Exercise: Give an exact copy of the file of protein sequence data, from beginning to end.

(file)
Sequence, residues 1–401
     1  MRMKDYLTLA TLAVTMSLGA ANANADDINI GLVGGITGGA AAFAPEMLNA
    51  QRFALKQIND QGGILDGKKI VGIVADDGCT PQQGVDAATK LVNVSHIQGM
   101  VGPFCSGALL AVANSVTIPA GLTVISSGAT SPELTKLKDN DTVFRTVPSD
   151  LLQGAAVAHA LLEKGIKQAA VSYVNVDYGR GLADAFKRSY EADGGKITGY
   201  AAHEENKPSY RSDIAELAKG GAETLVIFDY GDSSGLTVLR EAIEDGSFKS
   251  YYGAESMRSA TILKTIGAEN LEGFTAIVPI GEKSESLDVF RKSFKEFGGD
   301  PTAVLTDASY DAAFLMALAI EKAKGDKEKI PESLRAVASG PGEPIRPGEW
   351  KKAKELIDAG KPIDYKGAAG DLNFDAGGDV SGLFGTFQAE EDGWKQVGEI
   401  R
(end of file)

Sequence, residues 1–401
     1  MRMKDYLTLA TLAVTMSLGA ANANADDINI GLVGGITGGA AAFAPEMLNA
    51  QRFALKQIND QGGILDGKKI VGIVADDGCT PQQGVDAATK LVNVSHIQGM
   101  VGPFCSGALL AVANSVTIPA GLTVISSGAT SPELTKLKDN DTVFRTVPSD
   151  LLQGAAVAHA LLEKGIKQAA VSYVNVDYGR GLADAFKRSY EADGGKITGY
   201  AAHEENKPSY RSDIAELAKG GAETLVIFDY GDSSGLTVLR EAIEDGSFKS
   251  YYGAESMRSA TILKTIGAEN LEGFTAIVPI GEKSESLDVF RKSFKEFGGD
   301  PTAVLTDASY DAAFLMALAI EKAKGDKEKI PESLRAVASG PGEPIRPGEW
   351  KKAKELIDAG KPIDYKGAAG DLNFDAGGDV SGLFGTFQAE EDGWKQVGEI
   401  R